“There is a dire need to move beyond narratives of the heroic social entrepreneur to analyse social enterprises as organisations in the same light as charities or mainstream businesses,” feels Dr. Pathik Pathak, lecturer in Sociology and Director of Social Entrepreneurship at University of Southampton.
The author of the Future of Multicultural Britain, Dr. Pathak is a social innovator, and is currently working on the development of a model for a city-wide social investment market and an equity crowd-funding platform for student enterprises.
In this Interview with Careers360, Dr Pathak explores the career opportunities in social entrepreneurship and the research potential in the field.
Below are the edited excerpts
Q: Can you highlight the career opportunities in social entrepreneurship?
A: There are many opportunities for people who want to enter the field of social entrepreneurship, not only in India but also around the world. There are now many start-up funders to help kick-start ideas, like Unltd India and Dasra, together with platforms to provide mentorship to new entrepreneurs. There is also a growing ecosystem being developed around social entrepreneurship. This includes incubation, impact investment and research.
Q: What according to you are the factors that a student should consider before embarking in social entrepreneurship? Please share your own experience with us.
A: The main thing is to identify an issue that you are passionate about. You must have a strong sense of mission and an idea of what change would look like to you. You should think about how you can leverage your university education. For example, a number of engineers have started to apply their skills to find engineering solutions to entrenched social problems such as solar lighting or sanitation. Similarly, a lot of social science students have a deep understanding of global health issues. Try and mobilize whatever knowledge and skills you’ve gained to meet your social challenge.
Q: What kind of research avenues can one explore in this field?
A: There is so much research that could be done. Firstly, there is the public policy context: how should governments support social entrepreneurship? There are also sociological questions: what type of people become social entrepreneurs, and what are the class/gender dimensions? There is also a growing field of studies, which asks critical questions of social entrepreneurship and wider questions of political economy.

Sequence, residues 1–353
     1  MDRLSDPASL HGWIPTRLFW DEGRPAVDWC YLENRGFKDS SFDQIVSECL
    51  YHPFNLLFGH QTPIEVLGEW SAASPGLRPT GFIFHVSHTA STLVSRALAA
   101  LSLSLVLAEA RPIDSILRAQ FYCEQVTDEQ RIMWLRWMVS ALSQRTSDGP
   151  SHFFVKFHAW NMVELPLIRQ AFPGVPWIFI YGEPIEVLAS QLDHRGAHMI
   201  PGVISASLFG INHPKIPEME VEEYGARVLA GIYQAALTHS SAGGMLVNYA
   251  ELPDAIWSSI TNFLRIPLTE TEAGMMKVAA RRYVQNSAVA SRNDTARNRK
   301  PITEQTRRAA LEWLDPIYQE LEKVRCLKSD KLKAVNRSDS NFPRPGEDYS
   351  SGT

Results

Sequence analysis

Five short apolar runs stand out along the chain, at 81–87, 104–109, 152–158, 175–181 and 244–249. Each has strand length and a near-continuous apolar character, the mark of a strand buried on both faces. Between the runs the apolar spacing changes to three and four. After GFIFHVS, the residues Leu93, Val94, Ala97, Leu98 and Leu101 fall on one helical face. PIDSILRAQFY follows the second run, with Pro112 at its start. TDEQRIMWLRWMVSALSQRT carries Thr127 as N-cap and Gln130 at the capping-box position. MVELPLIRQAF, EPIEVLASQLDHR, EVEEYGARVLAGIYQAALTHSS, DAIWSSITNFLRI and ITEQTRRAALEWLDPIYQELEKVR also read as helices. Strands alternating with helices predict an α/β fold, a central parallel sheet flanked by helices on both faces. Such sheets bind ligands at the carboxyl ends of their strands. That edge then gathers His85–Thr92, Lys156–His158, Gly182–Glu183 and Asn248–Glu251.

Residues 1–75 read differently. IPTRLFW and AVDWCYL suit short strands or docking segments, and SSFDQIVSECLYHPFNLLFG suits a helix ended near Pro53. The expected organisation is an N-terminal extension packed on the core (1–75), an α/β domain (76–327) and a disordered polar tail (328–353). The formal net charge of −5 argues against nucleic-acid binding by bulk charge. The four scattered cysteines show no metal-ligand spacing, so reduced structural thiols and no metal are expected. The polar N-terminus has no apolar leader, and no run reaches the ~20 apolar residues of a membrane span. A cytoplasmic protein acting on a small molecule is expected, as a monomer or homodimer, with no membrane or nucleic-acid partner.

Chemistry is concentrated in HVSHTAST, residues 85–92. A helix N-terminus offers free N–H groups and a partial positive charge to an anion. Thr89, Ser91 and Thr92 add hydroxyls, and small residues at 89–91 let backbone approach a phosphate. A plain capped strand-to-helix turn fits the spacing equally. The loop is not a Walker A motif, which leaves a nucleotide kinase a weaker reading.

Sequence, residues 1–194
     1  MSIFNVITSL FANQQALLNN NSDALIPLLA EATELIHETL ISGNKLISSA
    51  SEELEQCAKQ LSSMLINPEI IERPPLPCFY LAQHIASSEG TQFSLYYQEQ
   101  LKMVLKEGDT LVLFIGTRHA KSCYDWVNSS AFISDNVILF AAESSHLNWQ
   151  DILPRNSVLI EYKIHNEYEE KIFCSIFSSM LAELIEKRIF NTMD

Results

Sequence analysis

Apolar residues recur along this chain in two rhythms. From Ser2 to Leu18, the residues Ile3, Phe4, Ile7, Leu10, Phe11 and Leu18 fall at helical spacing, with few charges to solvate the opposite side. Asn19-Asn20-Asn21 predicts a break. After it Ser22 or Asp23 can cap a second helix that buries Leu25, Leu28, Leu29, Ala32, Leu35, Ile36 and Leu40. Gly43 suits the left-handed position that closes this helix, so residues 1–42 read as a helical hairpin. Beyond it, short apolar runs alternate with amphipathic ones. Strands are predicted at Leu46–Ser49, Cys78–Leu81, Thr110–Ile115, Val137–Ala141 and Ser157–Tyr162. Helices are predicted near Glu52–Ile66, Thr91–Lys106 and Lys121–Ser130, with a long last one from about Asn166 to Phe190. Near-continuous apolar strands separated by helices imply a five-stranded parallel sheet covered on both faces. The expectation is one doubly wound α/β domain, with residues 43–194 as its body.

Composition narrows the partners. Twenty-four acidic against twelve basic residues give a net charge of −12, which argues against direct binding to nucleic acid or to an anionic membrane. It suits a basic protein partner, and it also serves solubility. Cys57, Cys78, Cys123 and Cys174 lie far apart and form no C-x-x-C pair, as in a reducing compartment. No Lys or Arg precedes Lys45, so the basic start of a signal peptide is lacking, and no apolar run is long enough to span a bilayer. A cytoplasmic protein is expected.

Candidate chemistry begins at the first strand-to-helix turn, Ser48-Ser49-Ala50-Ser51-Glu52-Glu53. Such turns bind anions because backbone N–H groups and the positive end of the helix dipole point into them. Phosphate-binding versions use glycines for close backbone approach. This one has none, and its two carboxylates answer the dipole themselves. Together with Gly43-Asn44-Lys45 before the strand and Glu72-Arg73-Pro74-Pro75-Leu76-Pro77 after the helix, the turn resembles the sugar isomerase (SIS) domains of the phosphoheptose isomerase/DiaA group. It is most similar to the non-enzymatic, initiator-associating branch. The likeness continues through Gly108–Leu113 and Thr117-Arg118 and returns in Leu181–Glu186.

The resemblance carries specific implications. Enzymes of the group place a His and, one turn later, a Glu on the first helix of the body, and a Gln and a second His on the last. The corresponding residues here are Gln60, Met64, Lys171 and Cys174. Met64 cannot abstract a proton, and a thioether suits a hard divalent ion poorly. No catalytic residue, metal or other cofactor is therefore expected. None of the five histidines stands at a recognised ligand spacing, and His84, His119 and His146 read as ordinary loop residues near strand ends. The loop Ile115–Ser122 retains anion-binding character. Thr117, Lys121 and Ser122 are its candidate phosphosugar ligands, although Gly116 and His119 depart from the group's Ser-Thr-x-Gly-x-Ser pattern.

Q: In one of your articles, you wrote about social entrepreneurship being analysed only at an individual level while organizational behavior stand under-researched. Please elaborate on how academic research can be directed towards oraganisational behavior?
A: There is a dire need to move beyond narratives of the heroic social entrepreneur to anaylse social enterprises as organisations in the same light as charities or mainstream businesses. We need a much deeper understanding of organizational issues such as constructions of failure in the social enterprise sector, which is the thesis topic for one of my PhD students.
Q: As a director of Social Entrepreneurship at the University of Southampton, what is it that you think attracts a student most towards this course?
A: Firstly, we offer students the opportunity to understand social enterprise in context in the UK, but also internationally, in India and China. We are also committed to experiential learning, and we offer students a pathway to design their own social enterprise and to fund its development through financial and business support. Our approach to social entrepreneurship is also research-led, so we provide opportunities to students to engage with our research to help design solutions.
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